middlebox that performs FEC encoding be as reliable as possible,
since these paths are not protected against erasures by default.
Similarly, it is RECOMMENDED that the paths between the
middleboxes that perform FEC decoding and the end-systems where
the receiving applications operate, in situations where this is a
different host, be as reliable as possible since these paths are
not protected against losses by default.
The recommendation for the sending side is particularly important
with FEC schemes that do not modify the ADU for backward
compatibility purposes (i.e. do not use any Explicit Source FEC
Payload ID) and rely for instance on the RTP sequence number field
to identify FEC source packets within their source block. In this
case, a lost or excessively delayed packet on this path directly
leads to a gap in the RTP sequence number space seen by the
FECFRAME instance. With FEC schemes that indicate in the Repair
FEC Payload ID, for each source block, the base RTP sequence
number and number of consecutive RTP packets that belong to this
source block, a missing ADU could cause the FECFRAME sender to
switch to a new source block. However, some FEC schemes and/or
receivers may not necessarily handle such varying source block
sizes. Thus, all the ADUs SHOULD be fed into the FEC encoder in
their proper sequence and within a desired certain delay. For
cases when this cannot be guaranteed, the sender and receiver
implementations need to concider a potential solution and its
consequences.
o Protecting a Single Flow vs. Several Flows Globally: In the
general case, the various ADU flows that are globally protected
can have different features, and in particular different real-time
requirements (in case of real-time flows). The process of
globally protecting these flows SHOULD take into account the
requirements of each individual flow. In particular, it would be
counter-productive to add repair traffic to a real-time flow for
which the FEC decoding delay at a receiver makes decoded ADUs for
this flow useless because they do not satisfy the associated real-
time constraints. From a practical point of view, this means that
the source block creation process at the sending FEC Framework
instance, SHOULD consider the most stringent real-time
requirements of the ADU flows being globally protected.
o ADU Flow Bundle Definition and Flow Delivery: By design a repair
flow might enable a receiver to recover the ADU flow(s) that it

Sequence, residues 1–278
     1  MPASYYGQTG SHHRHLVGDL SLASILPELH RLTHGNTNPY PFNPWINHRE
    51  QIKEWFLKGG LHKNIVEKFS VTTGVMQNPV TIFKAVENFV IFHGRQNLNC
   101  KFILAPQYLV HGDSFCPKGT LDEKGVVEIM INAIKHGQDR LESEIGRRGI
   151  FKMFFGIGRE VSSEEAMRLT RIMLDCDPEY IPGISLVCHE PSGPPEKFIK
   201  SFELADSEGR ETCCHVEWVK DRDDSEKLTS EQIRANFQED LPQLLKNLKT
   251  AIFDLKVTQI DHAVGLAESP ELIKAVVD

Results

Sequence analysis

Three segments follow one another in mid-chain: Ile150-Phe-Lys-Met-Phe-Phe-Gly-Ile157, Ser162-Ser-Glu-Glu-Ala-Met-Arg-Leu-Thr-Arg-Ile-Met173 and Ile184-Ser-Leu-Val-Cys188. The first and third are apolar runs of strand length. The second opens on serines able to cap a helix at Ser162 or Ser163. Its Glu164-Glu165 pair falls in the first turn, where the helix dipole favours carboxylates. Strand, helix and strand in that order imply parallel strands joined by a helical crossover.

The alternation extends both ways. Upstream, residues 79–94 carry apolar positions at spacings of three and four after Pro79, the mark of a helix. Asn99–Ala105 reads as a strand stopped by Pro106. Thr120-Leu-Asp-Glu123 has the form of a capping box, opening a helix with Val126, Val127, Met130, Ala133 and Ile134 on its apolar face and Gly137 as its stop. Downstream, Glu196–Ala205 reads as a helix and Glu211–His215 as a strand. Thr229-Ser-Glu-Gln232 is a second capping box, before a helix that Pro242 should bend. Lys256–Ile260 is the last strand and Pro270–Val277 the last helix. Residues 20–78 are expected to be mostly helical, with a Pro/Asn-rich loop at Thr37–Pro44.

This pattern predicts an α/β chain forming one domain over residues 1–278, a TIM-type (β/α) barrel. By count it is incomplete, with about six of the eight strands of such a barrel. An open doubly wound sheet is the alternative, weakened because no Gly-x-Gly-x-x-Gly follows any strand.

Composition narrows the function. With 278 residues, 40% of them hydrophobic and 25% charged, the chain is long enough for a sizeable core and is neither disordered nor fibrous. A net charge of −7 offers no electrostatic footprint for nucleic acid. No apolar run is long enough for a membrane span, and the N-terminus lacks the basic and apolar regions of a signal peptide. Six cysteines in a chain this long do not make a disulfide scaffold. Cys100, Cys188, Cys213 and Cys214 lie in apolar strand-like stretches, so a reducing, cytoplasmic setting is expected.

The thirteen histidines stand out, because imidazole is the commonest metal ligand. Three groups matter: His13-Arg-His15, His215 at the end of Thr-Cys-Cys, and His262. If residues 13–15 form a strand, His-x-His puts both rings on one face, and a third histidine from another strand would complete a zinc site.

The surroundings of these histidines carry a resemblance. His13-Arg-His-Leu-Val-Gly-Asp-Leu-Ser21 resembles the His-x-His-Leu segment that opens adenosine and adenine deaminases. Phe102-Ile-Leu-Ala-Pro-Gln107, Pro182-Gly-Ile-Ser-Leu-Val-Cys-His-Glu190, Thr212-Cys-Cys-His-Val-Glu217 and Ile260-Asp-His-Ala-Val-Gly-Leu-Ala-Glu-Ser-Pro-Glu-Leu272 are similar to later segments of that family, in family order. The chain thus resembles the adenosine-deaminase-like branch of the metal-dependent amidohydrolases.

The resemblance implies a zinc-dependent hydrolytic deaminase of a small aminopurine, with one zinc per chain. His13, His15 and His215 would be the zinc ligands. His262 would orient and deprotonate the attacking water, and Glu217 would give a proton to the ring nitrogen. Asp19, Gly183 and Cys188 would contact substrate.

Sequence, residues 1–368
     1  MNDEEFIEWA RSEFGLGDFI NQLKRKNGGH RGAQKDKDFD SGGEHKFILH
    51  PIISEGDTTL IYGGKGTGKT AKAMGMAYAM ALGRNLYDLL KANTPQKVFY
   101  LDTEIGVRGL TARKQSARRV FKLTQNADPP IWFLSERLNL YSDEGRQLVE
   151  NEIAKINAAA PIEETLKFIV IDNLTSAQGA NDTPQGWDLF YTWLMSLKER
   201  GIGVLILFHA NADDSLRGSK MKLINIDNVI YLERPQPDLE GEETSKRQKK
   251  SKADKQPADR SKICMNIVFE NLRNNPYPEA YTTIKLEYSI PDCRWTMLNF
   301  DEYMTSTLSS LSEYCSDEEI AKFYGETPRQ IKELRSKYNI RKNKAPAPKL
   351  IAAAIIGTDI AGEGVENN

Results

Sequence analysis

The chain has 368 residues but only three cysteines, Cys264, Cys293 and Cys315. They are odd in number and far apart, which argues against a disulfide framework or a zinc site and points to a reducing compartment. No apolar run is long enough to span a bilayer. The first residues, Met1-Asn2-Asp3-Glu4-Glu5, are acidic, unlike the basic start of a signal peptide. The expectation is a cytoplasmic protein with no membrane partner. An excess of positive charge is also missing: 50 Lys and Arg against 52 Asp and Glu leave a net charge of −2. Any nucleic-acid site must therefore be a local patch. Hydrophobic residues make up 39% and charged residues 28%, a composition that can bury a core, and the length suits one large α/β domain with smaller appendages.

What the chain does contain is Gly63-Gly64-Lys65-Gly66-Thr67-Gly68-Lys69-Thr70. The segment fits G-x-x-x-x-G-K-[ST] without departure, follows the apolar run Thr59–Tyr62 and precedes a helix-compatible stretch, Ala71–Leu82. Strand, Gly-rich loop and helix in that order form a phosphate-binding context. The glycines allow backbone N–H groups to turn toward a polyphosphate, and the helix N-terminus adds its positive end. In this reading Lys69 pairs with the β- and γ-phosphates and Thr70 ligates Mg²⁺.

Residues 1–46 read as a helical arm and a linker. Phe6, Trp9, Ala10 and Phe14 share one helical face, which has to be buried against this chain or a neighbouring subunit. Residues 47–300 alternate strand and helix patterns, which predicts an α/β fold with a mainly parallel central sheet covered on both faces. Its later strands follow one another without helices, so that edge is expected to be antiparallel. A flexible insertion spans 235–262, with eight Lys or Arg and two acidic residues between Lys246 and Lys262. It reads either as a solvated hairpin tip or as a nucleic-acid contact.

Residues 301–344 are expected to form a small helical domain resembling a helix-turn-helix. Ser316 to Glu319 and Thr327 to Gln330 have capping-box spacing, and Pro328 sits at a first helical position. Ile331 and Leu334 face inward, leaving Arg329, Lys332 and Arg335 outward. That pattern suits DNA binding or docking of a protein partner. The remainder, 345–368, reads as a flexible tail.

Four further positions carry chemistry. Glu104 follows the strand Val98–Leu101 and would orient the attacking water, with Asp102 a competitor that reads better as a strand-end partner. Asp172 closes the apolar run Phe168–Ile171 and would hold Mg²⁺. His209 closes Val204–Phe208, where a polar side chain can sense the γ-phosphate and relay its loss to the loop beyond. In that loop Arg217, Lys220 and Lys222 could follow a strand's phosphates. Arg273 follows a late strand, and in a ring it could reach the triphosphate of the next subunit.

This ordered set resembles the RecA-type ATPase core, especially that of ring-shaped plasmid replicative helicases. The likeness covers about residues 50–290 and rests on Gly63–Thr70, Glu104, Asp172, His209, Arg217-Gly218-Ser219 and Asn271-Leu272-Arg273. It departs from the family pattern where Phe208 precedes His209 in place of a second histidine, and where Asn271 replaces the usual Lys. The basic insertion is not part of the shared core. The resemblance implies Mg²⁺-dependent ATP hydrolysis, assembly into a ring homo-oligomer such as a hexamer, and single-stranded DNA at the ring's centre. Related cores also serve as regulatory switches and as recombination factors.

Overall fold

protects even if none of the associated FEC source packets are
received. Therefore, when defining the bundle of ADU flows that
are globally protected and when defining which receiver receives
which flow, the repair flow(s) SHOULD only be received by
receivers that are authorized to receive all the associated ADU
flows. See Section 9.4 for additional recommendations for
situations where a strict access control to ADU flows is needed.
Additionally when multiple ADU flows are globally protected, a
receiver who wants to benefit from FECFRAME loss protection SHOULD
receive all the ADU flows of the bundle. Otherwise, the missing
FEC source packets would be considered as lost which might
significantly reduce the efficiency of the FEC scheme.
11. IANA Considerations 11. IANA Considerations
FEC schemes for use with this framework are identified in protocols FEC schemes for use with this framework are identified in protocols
using FEC Encoding IDs. Values of FEC Encoding IDs are subject to using FEC Encoding IDs. Values of FEC Encoding IDs are subject to
IANA registration. For this purposes, this document creates a new IANA registration. For this purposes, this document creates a new
registry called FEC Framework (FECFRAME) FEC Encoding IDs. registry called FEC Framework (FECFRAME) FEC Encoding IDs.
The values that can be assigned within the FEC Framework (FECFRAME) The values that can be assigned within the FEC Framework (FECFRAME)
FEC Encoding ID registry are numeric indexes in the range (0, 255). FEC Encoding ID registry are numeric indexes in the range (0, 255).